As a Deacon, I was ordained to serve Jesus Christ and His Church. I was commissioned to proclaim the truth of the Gospel. I undertook a mission to help Christians better understand Jesus Christ and the gift of salvation that He offers to each and every one of you. The last thing I want to hear on my judgment day is, “Hey Brian. You know… not bad. Not bad at all. You did the basics. For the most part you followed my teachings. But let me ask you this Deacon. How many times did you shy away from preaching the truth to my people? How many people were motivated by your preaching and by your example to turn away from sin and improve their lives?”

Kind of a scary thought, isn’t it??

So please, take this Gospel passage seriously. Get to know God better TODAY, not tomorrow, TODAY. Evaluate your life and improve the areas that may be lacking…before it’s too late.

I would hate for you to be locked out of the greatest gift of all…. Your Salvation!

No More Excuses

13th Sunday in Ordinary Time (June 26, 2016)

1 Kings 19:16b,19-21

Psalm 16:1-2,5,7-11

Galatians 5:1,13-18

Luke 9:51-62

No. More. Excuses! That pretty much sums up today’s Gospel reading from Luke. The words we hear Jesus speak today are a direct contradiction to the way our current society acts and believes. Our society tells us that honest answers are favorable, but not really necessary. Our society tells us that it’s almost always someone else’s fault. However, Jesus tells us to…. are you ready for it…. Stop all the nonsense, stop giving excuses, take responsibility for your own actions and follow Him.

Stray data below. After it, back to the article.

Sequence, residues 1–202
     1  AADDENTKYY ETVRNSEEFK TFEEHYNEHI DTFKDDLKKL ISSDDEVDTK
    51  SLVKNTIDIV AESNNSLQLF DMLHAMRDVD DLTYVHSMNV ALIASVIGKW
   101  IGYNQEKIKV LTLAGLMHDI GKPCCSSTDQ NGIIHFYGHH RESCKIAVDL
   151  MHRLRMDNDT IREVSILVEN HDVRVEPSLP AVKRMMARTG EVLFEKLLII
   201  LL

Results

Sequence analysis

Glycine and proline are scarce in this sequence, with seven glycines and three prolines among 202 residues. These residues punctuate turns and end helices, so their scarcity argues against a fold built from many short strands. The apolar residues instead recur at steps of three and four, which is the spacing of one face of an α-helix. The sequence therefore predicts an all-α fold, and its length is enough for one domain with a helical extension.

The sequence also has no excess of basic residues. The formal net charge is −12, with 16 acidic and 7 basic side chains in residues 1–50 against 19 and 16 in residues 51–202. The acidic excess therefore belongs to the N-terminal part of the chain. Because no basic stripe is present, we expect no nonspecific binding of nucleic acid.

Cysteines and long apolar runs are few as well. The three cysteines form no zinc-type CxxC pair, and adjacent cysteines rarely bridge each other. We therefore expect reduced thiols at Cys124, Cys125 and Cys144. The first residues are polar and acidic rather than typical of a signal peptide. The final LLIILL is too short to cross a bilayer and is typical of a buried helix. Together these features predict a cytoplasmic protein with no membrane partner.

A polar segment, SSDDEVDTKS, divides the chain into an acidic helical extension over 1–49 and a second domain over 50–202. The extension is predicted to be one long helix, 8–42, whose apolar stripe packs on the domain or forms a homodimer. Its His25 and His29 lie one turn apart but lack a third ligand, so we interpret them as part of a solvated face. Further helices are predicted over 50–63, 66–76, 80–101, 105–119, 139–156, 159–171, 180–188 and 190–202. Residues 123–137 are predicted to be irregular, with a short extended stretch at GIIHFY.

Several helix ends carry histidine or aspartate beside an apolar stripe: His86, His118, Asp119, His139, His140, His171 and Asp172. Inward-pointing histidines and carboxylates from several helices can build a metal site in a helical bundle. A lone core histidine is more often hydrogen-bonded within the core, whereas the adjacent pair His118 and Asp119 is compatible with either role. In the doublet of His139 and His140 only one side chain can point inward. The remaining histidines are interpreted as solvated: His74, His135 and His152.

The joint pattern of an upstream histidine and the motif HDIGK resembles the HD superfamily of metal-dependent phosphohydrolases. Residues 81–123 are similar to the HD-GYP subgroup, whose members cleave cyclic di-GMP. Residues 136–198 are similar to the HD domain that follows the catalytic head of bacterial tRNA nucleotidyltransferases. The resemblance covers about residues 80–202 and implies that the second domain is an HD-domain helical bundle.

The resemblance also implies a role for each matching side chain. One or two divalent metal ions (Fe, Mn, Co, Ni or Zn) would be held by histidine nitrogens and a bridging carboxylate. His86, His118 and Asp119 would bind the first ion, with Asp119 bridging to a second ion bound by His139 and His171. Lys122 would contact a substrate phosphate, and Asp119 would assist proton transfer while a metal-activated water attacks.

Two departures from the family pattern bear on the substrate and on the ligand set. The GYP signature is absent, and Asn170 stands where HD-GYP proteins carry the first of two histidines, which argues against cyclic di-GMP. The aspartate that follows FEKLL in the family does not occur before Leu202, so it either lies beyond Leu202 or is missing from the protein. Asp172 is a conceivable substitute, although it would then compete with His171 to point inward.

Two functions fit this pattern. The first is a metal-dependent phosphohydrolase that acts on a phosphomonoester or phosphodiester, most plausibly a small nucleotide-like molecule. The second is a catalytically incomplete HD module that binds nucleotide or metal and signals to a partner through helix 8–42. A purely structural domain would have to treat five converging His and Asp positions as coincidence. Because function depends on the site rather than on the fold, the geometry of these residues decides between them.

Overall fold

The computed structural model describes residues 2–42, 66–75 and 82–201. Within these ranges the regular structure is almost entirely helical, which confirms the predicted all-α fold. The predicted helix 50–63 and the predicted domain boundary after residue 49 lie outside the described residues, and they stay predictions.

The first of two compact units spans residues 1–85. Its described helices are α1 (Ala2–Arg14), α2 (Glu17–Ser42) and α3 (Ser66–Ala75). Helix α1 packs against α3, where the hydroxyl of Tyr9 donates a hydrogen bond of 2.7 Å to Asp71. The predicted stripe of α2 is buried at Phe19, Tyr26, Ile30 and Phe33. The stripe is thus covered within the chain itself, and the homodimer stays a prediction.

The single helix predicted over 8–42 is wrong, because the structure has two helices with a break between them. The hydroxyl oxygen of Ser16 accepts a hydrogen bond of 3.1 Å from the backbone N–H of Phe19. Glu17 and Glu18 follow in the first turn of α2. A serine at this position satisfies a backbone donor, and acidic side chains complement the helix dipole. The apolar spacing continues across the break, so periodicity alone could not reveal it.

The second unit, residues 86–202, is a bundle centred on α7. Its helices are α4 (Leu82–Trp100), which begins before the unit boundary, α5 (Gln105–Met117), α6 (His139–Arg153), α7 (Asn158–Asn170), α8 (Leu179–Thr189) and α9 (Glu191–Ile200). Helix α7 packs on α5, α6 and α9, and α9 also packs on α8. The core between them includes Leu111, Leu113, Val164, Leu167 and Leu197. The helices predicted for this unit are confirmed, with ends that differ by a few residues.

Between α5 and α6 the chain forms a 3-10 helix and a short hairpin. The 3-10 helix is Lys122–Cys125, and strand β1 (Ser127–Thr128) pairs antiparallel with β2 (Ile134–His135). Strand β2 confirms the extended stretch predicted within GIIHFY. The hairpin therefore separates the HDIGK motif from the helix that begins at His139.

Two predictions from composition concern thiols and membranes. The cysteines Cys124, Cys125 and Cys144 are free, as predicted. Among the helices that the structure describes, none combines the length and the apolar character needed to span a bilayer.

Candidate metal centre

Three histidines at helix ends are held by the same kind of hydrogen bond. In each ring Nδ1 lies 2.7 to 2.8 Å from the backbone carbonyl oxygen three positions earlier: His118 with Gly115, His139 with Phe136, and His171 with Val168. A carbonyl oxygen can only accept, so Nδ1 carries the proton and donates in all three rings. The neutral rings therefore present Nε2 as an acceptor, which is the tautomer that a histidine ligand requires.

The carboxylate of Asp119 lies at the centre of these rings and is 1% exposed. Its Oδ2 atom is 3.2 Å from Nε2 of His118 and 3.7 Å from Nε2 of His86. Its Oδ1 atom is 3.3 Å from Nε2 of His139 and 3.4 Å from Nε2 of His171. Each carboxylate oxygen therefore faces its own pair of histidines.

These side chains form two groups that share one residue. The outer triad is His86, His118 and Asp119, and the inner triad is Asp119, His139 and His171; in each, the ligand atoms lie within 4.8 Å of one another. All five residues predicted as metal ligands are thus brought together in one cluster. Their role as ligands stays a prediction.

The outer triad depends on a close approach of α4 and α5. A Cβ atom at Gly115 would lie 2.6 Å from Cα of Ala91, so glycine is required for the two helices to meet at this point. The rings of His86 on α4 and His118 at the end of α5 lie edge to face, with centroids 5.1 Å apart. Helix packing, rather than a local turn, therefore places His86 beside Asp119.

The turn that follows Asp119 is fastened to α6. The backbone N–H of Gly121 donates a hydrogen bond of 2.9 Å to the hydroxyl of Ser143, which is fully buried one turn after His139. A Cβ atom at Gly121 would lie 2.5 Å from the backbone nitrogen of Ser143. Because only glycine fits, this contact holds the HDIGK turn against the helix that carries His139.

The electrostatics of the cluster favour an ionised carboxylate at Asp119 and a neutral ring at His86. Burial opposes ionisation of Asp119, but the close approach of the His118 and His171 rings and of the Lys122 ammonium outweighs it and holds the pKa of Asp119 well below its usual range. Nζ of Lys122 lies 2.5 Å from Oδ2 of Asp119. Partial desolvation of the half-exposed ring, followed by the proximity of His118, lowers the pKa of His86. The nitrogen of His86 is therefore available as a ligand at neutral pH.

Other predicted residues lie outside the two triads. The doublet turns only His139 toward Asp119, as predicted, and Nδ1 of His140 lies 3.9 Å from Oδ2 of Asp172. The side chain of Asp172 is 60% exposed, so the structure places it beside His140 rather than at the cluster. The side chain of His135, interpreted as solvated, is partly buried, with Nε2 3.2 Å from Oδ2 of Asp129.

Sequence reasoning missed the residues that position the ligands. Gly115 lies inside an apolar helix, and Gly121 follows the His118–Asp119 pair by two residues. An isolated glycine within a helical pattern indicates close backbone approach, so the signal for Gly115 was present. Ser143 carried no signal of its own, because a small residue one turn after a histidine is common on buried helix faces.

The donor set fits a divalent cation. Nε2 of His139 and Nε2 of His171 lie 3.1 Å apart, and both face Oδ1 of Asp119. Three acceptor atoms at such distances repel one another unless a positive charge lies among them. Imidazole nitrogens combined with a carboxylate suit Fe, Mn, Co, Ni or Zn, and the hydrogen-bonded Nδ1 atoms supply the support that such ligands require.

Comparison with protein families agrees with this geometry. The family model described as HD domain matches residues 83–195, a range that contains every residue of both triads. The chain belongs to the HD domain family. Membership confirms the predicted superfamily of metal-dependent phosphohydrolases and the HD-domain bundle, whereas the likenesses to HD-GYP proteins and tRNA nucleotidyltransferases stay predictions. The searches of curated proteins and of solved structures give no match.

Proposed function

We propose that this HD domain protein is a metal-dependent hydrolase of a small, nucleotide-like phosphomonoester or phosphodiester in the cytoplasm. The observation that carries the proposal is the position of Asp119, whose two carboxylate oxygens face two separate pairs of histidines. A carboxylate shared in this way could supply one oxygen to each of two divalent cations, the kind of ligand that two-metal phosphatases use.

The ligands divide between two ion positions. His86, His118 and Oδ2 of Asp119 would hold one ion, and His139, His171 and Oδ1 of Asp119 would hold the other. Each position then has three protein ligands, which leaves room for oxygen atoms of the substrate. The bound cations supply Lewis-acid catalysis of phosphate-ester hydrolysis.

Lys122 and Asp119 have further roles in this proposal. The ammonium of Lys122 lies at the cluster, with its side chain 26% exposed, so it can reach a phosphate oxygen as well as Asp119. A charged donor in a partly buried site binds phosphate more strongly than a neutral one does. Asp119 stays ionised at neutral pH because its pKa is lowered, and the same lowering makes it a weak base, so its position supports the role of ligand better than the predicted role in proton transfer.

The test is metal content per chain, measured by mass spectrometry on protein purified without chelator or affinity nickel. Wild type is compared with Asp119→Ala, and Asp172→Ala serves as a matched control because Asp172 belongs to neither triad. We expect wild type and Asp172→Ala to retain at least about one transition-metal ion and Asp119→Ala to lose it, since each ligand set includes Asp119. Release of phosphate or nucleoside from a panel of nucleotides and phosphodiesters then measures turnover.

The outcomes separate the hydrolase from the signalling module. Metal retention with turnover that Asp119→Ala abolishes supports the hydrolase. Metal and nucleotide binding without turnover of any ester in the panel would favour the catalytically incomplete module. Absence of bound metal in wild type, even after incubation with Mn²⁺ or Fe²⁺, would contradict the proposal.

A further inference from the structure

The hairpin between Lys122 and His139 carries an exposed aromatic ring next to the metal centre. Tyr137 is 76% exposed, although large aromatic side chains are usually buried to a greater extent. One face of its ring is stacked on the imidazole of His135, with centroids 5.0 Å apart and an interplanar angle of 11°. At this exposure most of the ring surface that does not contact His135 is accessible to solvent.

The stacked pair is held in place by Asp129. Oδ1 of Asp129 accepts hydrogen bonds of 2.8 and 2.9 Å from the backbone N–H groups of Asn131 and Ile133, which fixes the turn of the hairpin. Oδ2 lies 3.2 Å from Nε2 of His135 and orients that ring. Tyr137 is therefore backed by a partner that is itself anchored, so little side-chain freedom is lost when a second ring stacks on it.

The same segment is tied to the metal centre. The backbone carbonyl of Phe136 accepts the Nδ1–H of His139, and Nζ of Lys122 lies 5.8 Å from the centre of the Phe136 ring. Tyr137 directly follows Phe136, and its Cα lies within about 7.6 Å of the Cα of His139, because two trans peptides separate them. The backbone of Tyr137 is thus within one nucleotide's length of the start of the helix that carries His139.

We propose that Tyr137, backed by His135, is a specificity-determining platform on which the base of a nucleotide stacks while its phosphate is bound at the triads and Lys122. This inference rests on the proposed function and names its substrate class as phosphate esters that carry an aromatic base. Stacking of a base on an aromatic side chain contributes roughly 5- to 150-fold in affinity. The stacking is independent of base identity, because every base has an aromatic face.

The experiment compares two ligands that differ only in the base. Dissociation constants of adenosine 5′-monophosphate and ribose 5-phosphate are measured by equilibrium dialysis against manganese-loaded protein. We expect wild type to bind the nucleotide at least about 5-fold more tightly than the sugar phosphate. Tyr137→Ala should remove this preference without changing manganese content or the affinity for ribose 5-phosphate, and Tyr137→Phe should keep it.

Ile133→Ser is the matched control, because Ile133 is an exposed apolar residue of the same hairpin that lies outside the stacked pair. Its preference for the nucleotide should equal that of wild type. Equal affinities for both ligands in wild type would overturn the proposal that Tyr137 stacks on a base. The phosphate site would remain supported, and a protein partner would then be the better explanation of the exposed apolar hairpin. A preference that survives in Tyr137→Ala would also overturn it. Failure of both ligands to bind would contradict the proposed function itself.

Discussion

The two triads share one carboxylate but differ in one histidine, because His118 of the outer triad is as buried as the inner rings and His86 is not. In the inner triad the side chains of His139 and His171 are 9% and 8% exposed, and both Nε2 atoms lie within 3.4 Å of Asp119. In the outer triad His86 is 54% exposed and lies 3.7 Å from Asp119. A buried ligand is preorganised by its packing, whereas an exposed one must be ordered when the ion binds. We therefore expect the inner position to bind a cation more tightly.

Follow me through this for a moment. To Jesus, Jerusalem is the final destination of his earthly ministry. He is to travel there for one reason… to die for our sins. Without His death on the cross, our sins are not forgiven. Without His death on the cross, death cannot be conquered. Without His death on the cross, the gates of Heaven are closed to us. He knew this and He was not going to let anything or anyone steer Him off of this course. No excuses!

With that in mind, Jesus and His disciples were traveling to Jerusalem, a predominately Jewish city. Along the way, they wanted to stop and rest in a Samaritan village. However, the people in the village knew they were going to Jerusalem and therefore they wouldn’t show them any hospitality. This was because the Samaritans were very hostile toward the Jews. So what do the Apostles James and John ask, “Hey Jesus, they don’t like us so do you want us to call down a fire bomb on them?”

This mentality is the one that always cracks me up in our “politically correct, all loving, all inclusive and all accepting society” (I was trying to pour on the sarcasm pretty thick there in case you missed it). How many times do we read about one group of people spewing hate towards another group because of their beliefs? Marriage, abortion, guns, politics. Any of these issues can get heated very quickly and, in a group setting, often ends up with someone getting punched in the face. But what does this accomplish? NOTHING!

But what does Jesus tell James and John to do to these people who don’t like them? He tells them to move on and keep their eyes toward Jerusalem. I’m not saying these “hot button” topics shouldn’t be discussed. But if the listening party only spews hate and violence back at you, it’s going to steer you off of your course so just move on. No excuses!